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‘Everything went dark’ — passengers speak about Amtrak derailment, aftermath

‘It was shocking…too real,’ passenger says

Seattle passenger Emma Shafer tells of her harrowing experience on the Amtrak train that derailed in Dupont.
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Seattle passenger Emma Shafer tells of her harrowing experience on the Amtrak train that derailed in Dupont.

Passengers of the Amtrak train that derailed Monday in DuPont detailed the wreck for The News Tribune. Some climbed out of the train and helped one another in the aftermath.

Chris Karnes, who chairs the Pierce Transit advisory board, was one of the more than 80 people on board the train, which was making its first run on a new route through the county.

“I was wanting to be on the inaugural run of the first train that went out of the new Tacoma station at Freighthouse Square to Portland,” he said. “... This was the first passenger train to go over these tracks.”

The 32-year-old spoke from an evacuation bus that was taking him and other uninjured passengers from the scene.

Karnes said the train had gotten to Tacoma about 30 minutes late.

“Once we left the station we seemed to be moving at a pretty good clip,” he said.

The tracks are supposed to be rated for 79 miles per hour, and it seemed the train was going about that speed, Karnes said, because it was passing cars heading south on Interstate 5.

At a certain point the train wobbled for a second, and the next thing we knew we were being sort of catapulted into the seats in front of us

Chris Karnes, Amtrak passenger

“At a certain point the train wobbled for a second, and the next thing we knew we were being sort of catapulted into the seats in front of us,” he said.

“There were crashing and crunching noises, the lights went out. There was glass shattering, everyone’s personal belongings flew to the front of the car and people were screaming.”

About 10 people were in his car, most of who were unhurt in the crash, he said.

“There was one person who was injured,” Karnes said. “They were unconscious, but they were breathing.”

Karnes said he climbed out of a window and onto an embankment, to try to get help.

“We had to use the emergency window, so we pulled off the seal around the window and pushed out to get that to go, because the door was not functioning,” he said.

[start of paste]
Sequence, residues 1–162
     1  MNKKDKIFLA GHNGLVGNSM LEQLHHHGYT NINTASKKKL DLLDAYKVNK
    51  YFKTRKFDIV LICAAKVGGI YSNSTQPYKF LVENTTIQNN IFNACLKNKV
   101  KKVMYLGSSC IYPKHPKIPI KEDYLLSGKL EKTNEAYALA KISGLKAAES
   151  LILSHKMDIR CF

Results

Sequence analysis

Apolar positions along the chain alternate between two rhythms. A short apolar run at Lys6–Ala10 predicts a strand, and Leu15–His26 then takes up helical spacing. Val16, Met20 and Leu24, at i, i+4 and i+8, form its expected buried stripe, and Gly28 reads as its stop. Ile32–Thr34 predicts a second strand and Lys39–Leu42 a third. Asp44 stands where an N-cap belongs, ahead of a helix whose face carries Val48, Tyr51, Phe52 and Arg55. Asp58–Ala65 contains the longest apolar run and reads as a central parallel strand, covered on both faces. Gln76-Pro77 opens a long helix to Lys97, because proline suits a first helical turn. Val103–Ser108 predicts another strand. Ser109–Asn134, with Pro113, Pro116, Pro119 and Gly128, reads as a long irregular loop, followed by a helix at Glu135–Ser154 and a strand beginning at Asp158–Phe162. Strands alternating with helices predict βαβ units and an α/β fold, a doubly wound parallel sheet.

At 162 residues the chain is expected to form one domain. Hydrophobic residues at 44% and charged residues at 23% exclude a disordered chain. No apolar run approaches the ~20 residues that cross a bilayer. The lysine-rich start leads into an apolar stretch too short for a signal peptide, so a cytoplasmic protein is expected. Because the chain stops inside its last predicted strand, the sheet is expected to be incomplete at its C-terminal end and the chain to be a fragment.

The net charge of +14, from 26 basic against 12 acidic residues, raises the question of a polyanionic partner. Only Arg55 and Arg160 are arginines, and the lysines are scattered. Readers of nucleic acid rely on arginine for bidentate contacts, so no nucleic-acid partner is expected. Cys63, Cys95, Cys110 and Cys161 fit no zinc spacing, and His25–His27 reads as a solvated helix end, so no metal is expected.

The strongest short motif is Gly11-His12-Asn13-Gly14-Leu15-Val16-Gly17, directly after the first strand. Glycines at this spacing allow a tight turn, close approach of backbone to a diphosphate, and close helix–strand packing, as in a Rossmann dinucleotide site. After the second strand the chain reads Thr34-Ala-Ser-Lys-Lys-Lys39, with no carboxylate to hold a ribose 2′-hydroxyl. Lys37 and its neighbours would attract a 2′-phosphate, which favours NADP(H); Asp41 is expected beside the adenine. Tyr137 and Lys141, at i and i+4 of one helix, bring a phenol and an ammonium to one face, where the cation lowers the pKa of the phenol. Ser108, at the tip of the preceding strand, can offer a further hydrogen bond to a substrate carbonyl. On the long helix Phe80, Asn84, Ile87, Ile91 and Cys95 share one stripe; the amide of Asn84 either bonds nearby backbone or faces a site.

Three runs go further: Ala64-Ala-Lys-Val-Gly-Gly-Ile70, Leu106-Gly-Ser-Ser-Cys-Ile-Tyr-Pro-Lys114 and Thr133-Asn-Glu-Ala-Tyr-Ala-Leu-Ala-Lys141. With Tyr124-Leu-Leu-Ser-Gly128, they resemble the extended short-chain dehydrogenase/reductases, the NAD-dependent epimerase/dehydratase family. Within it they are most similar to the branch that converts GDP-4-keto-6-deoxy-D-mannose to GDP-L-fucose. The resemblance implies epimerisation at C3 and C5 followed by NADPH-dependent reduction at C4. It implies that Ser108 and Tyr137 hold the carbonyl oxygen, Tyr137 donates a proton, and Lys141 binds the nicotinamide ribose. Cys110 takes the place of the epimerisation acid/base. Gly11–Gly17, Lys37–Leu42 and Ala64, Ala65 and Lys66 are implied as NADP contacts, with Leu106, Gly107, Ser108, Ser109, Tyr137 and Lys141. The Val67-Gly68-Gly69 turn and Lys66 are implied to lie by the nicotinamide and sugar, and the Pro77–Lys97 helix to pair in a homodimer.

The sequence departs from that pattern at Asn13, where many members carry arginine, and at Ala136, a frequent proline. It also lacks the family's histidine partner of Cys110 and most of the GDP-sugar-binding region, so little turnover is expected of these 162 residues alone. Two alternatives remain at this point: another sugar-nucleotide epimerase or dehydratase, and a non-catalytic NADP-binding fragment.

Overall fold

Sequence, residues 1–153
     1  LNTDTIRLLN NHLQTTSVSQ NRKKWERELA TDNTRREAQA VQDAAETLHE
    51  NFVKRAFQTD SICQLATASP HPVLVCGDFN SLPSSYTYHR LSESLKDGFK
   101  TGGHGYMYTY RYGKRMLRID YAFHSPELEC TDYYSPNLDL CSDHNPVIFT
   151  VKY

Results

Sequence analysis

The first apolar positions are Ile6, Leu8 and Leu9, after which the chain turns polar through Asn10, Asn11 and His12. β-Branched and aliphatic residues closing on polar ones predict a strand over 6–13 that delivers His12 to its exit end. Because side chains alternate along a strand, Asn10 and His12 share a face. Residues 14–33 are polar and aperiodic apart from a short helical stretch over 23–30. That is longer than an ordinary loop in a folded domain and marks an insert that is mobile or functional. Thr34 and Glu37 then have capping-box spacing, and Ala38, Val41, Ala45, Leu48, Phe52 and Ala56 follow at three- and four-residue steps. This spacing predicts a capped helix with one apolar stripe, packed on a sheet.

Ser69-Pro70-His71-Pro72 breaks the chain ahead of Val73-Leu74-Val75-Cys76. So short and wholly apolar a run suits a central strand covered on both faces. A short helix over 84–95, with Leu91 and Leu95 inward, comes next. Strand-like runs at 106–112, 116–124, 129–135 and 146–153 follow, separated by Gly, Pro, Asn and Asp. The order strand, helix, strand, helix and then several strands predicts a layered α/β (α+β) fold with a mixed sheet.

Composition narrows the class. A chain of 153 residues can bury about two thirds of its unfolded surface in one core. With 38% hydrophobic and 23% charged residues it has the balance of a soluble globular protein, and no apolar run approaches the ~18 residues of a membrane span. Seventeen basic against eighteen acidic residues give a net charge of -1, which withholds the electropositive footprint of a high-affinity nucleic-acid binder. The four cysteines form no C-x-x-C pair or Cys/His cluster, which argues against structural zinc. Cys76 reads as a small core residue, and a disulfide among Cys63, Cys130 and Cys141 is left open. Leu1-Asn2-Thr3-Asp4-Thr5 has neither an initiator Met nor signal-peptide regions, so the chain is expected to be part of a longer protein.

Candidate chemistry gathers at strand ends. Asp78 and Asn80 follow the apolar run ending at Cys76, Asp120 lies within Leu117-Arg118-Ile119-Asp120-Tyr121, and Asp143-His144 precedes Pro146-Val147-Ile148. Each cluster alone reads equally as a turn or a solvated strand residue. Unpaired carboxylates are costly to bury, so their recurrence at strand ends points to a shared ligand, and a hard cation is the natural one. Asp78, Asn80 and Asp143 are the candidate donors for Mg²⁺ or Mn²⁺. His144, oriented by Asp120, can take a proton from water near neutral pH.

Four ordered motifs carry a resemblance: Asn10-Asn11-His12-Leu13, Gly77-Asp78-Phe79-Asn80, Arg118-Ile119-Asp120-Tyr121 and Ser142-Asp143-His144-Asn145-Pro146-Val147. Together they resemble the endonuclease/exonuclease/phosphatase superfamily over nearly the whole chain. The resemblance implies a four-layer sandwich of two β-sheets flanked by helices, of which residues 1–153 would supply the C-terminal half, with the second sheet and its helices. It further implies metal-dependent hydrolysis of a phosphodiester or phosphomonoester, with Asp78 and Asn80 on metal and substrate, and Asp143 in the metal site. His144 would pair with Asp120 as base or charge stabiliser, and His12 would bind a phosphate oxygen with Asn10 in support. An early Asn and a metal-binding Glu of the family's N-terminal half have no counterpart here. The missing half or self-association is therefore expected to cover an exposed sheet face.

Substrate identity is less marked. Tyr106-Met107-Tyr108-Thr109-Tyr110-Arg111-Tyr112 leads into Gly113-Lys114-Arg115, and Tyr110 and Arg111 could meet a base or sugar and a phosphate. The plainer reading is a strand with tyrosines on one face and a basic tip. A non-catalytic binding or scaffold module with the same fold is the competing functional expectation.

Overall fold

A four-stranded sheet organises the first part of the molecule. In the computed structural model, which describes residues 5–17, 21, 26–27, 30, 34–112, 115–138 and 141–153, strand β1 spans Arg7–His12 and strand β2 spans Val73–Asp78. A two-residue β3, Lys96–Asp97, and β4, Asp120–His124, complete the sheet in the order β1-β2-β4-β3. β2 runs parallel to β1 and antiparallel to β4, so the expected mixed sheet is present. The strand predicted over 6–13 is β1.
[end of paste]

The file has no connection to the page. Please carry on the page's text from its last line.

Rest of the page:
Emergency service workers remain at the scene of a deadly train derailment in Washington on Tuesday. At least three passengers were killed and more than 100 were injured on Monday. Federal officials say the Amtrak train was traveling 50 mph over t

He called 911, but the line was busy. When a dispatcher called back, Karnes confirmed the train had derailed.

Then emergency workers arrived.

“There was everybody,” he said. “I could see fire trucks from South Thurston County, from DuPont. There were military personnel from (Joint Base Lewis-McChord) who were helping to coordinate the effort.”

Karnes was evaluated in an emergency tent, as a precaution, and then directed to one of the evacuation buses.

Anthony Raimondi, 72 of Gig Harbor, was on the train, in the business class car, to experience the inaugural day. He’d parked at the Tacoma Dome, and planned to go to Portland and back Monday.

“I felt the train starting to go on its side,” he said. “Then I felt some bumps. Then everything went dark, and I started climbing around.”

He climbed out of the train with a bit of help from others, and still had some mud on his ear when he spoke to The News Tribune at DuPont City Hall about 11 a.m.

“I’m feeling very lucky for myself and for those who survived,” said Raimondi, who was not hurt.

He called his wife as soon as he got out of the train.

“She had not heard,” he said. “I didn’t want her to hear from the news and worry.”

Raimondi, a train buff, said he once worked as a ticket conductor for Amtrak in St. Paul, Minnesota. When he retired he moved to Gig Harbor to be closer to family.

“Traveling by train is one of the safest ways to travel,” he said. “Things happen. Planes and cars crash, too. It’s very unfortunate.”

Alexis Krell: 253-597-8268, @amkrell

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